Sunday, January 1st, 2017 by Iris Doubleday
Image source: Environmental Protection Agency
Radon cannot be seen, smelled, or tasted, but its presence could be all too real in your home. Radon is a naturally occurring gas caused by the decay of radium, thorium, and uranium in the soil, and it can enter your home through cracks in your foundation or even seep inside with groundwater. Exposure to dangerous levels of radon is the leading cause of lung cancer among nonsmokers in the United States, claiming the lives of more than 21,000 residents every year. The good news is, exposure to high levels of radon is an easily avoidable health risk if the proper steps are taken.
The Environmental Protection Agency (EPA) has designated January as National Radon Action Month, a time when homeowners are encouraged to learn about the dangers of radon exposure and take action to protect their homes through radon testing and radon mitigation. During this month, your number one priority should be to perform a radon test for your home and, if high levels are found, install a radon mitigation system to restore your home’s health and safety. If you’re looking for other ways to get involved as well, help spread the word by urging others to protect their health by performing radon tests in homes, schools, and offices.
Below, we have provided some answers to commonly asked questions about radon so you can learn a bit more about radon exposure. Be sure to share the knowledge with your family and friends!
The EPA recommends re-testing your home for radon approximately every two years. You should also perform a radon test if you have recently renovated your home or expanded your living area into a lower level such as a basement. These new living areas could have a higher radon level than the rest of your home, and a major renovation project can change your home’s radon levels by creating new entrances for the gas to seep into your home. You may also want to perform a new radon test during different seasons, as seasonal changes can affect radon levels. Radon testing is both simple and affordable, so it can never hurt to perform a new check for this potentially dangerous substance.
If you are buying a new home, it’s always a good idea to ask for a copy of recent radon test results. Even then, you may want to ask for a new test if the radon testing checklist items were not met, the last test was not performed recently, or you plan to live in a level of the house that is not currently occupied. The same criteria goes for those selling their home: always perform a radon test and review to ensure it was done correctly, take any steps necessary to install a radon mitigation system if high levels are found, perform a new radon test if you’ve recently completed renovations, and provide your radon test results to the buyer. Review this Home Buyer’s and Seller’s Guide to Radon from the EPA for more information.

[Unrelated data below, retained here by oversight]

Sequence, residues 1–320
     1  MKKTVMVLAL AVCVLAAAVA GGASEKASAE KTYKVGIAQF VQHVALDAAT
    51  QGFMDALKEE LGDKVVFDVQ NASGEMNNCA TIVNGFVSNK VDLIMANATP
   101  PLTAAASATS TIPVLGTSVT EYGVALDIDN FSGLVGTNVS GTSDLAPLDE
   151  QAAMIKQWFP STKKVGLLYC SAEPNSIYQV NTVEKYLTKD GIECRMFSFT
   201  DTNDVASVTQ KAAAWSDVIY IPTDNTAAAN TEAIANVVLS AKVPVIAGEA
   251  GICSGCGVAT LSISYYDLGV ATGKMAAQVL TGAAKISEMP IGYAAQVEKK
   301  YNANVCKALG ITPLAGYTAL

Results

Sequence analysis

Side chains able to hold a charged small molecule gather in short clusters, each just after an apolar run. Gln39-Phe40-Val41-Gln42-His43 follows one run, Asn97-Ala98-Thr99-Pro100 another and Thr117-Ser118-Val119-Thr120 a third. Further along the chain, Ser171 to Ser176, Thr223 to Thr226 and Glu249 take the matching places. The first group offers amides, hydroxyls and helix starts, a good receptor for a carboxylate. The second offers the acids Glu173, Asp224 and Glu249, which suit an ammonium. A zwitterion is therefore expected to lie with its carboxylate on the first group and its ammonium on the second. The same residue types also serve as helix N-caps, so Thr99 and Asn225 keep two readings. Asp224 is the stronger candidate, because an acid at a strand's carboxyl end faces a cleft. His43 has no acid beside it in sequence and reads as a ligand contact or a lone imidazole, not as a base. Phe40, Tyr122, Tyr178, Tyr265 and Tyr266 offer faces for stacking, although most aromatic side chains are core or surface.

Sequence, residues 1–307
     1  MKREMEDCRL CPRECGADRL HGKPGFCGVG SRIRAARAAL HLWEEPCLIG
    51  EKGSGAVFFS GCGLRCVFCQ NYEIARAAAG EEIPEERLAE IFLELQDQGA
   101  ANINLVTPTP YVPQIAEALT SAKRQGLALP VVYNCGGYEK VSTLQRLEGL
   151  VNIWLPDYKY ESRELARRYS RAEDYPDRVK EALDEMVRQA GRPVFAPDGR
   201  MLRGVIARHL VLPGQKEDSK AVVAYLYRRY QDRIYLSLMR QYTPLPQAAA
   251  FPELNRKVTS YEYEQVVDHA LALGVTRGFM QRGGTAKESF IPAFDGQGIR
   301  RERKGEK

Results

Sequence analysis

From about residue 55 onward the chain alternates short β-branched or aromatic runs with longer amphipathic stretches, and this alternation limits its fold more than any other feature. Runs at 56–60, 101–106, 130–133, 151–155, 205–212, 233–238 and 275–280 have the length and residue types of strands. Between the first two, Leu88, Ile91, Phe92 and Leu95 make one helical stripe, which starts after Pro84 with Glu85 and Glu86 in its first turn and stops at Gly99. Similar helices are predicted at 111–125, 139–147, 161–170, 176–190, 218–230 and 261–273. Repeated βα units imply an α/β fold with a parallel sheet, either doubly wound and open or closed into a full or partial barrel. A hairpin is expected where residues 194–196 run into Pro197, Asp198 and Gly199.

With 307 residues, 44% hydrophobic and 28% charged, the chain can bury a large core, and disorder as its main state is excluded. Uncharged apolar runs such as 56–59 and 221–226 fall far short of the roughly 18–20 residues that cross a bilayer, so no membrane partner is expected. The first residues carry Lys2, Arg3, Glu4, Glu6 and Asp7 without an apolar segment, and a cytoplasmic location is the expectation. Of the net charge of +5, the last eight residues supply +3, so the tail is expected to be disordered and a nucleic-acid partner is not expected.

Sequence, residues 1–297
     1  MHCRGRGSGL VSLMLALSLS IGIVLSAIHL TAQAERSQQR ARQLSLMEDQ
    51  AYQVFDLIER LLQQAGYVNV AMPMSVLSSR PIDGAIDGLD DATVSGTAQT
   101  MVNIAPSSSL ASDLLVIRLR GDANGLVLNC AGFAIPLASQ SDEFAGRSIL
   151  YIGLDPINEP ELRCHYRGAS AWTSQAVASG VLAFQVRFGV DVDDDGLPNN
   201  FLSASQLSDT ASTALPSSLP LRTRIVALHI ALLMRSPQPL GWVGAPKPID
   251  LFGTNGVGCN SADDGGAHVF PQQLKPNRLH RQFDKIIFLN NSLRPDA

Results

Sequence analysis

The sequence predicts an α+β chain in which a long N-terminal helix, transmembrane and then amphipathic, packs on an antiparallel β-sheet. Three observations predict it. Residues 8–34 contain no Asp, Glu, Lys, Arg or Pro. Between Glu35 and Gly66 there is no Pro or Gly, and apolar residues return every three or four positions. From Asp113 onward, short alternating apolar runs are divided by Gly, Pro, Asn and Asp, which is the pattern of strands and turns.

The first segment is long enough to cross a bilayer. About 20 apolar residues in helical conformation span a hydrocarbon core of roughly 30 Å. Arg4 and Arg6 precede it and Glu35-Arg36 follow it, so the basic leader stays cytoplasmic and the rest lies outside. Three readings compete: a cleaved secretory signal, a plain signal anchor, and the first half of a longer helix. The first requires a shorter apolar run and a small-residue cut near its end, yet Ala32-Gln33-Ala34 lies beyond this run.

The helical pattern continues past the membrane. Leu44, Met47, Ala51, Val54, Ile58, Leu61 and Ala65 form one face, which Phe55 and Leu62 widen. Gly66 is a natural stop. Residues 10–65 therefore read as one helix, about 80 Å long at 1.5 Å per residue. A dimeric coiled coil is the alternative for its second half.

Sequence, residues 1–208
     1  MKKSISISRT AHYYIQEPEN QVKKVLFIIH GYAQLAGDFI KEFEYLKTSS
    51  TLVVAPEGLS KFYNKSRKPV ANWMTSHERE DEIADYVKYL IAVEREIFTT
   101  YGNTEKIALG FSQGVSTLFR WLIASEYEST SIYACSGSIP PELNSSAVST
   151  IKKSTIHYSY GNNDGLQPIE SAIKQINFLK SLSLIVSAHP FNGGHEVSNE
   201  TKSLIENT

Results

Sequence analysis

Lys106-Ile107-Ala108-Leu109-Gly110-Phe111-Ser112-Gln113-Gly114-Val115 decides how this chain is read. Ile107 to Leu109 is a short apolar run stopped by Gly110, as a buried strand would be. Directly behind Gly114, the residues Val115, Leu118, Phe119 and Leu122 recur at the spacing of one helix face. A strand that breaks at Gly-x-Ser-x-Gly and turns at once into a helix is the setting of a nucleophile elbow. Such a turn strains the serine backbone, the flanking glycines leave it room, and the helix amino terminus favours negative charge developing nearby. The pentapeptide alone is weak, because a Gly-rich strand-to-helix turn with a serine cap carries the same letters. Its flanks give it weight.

No matter where you live, it’s possible that your home may have high radon levels. Every homeowner should conduct a radon test, regardless of geographic location. While some areas of the country have been shown to have lower radon levels on average than others, it’s important to keep in mind that dangerously high radon levels have been found even in places that are generally considered low risk. No matter your location, radon testing is always a good idea.
Yes. Radon levels vary from home to home, so even if your neighbor’s home tested fine for radon, your home could be completely different. Radon levels depend upon a number of factors that are unique to your specific home, so the only way to know if your health is at risk is by completing a radon test.
When you’re ready to test your home for radon, you can either order a radon test kit from a qualified radon contractor or laboratory, or you can bring in a professional radon tester to complete a home inspection and select the radon test device that is most suitable to your home. To ensure the accuracy of your radon test, be sure to carefully follow the instructions and consult the EPA’s Radon Testing Checklist. Your local radon contractor or state official can help you select the most up-to-date radon device and recommend which options will work best for your home.
If a radon test reports a radon measurement at or above 4.0 picocuries per liter (pCi/L), contact your certified radon contractor to set up a radon mitigation system that is specifically designed to reduce radon levels to a healthy amount. There are several different methods for radon abatement that will prevent radon gas from entering your home while reducing your current radon levels, and your radon mitigation contractor will help you select the best option for your home’s specific needs.
Contact Green Star Services today to schedule a free cost estimate for your radon test or radon mitigation system, and take the first step in keeping you and your family healthy and safe!
our service area